Breaking News

Just-in-case if just-in-time fails

Shipping juggernaut Maersk advocates a “Just-In-Case” (JIC) supply model after COVID-19 fallout

Following proven fails at meeting deadlines, Maersk encouraged customers to adopt the JIC supply chain model. Incidentally, this came after Hapag-Lloyd announced what seemed like an “apologetic advisory”.

A bewildering proposal
Maersk appeared to have joined in the bandwagon to diffuse shippers’ fury with big liners. The port congestions in China, Europe and United States had shipowners and charterers charging exorbitant rates in the pretext of insufficient equipment. Suffering the most pressure is certainly the supply flow from Asia to the United States and Europe.

Most retailers operated on the JIT model to avoid over-stocking; hoping a conservative sales projection will mitigate some losses in the already wounded market. At the 32nd Annual State of Logistics Report virtual presentation organised by the Council of Supply Chain Management Professionals (CSCMP), Maersk offered a startling overture – the JIC supply chain model!

The meeting involved several supply chain executives from Maersk, Nordstrom, Penske Logistics, Kearney, Norfolk Southern and IHS Markit, participating in a panel that discussed major forces shaping logistics in the pandemic and post-pandemic world. Matthew Hill, Head of Maersk North Americas Import business, commented: “JIT is not sustainable these days. JIC supply chain models with inventory buffer ensure sales demand can be fulfilled. Customers are trusting us with a wider part of their supply chain to focus more on shipment level performance instead of container level.”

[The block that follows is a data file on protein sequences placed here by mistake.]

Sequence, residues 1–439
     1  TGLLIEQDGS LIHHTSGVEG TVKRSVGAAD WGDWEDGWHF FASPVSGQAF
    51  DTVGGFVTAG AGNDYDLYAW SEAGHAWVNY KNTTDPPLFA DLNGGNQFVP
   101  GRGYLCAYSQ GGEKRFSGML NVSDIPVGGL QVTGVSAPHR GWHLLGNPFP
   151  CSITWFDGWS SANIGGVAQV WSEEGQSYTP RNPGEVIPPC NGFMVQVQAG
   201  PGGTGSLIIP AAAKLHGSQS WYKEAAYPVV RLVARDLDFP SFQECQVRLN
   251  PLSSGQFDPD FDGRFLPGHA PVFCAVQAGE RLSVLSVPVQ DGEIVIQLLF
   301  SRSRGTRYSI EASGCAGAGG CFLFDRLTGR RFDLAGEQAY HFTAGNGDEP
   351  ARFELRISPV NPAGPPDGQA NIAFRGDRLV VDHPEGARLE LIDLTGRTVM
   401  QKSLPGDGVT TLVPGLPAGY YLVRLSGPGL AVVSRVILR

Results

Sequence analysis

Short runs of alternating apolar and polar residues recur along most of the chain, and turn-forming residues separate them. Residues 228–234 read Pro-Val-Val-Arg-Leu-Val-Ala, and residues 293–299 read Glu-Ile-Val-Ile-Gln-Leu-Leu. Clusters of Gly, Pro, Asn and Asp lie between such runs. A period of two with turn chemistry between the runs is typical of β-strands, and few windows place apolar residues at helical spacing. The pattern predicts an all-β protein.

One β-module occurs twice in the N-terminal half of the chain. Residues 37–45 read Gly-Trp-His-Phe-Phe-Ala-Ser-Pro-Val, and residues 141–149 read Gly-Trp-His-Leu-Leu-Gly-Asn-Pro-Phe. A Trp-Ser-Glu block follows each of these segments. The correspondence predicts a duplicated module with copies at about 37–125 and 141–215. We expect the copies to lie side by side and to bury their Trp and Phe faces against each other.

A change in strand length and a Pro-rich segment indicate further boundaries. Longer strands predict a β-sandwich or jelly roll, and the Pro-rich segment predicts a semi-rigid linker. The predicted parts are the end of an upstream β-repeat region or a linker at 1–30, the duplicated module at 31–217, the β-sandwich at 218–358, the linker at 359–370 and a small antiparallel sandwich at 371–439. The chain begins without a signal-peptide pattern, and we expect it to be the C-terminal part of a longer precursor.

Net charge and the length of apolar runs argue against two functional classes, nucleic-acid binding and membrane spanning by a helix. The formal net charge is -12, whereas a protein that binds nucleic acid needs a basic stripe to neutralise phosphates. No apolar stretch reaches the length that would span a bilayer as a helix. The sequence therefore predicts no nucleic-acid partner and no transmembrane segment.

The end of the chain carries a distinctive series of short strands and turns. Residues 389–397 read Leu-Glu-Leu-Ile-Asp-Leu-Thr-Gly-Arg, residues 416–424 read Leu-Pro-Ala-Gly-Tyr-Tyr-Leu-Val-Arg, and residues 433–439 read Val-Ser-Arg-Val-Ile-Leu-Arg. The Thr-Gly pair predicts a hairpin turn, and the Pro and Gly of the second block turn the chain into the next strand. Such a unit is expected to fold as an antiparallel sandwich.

What it could have been
JIT model is a complex inventory management strategy requiring predictable and accurate forecasting. JIC on the other hand is more common in locations with weak transportation and production capabilities. It would make perfect sense for retailers to order excess inventory, albeit more costly due to storage fees, and wastage from unsold inventory especially for perishables!

Maersk’s comment reflects carriers are uninclined to openly man up about their roles in missing deadlines on top of imposing outrageous surcharges. Was Maersk feeling the heat when smaller vessels gained more traction in the chaos? They can certainly take a leaf from Hapag-Lloyd’s book – be humble instead of suggesting something riskier.


Marine Online News Team
Please email us at to contact the author for this article.

Global Shipowner Alliance

Check Also

Hydrogen may follow as the next marine fuel after LNG and ammonia

Korea demonstrates its high ambitions in net zero fuels While hydrogen is a clean fuel, …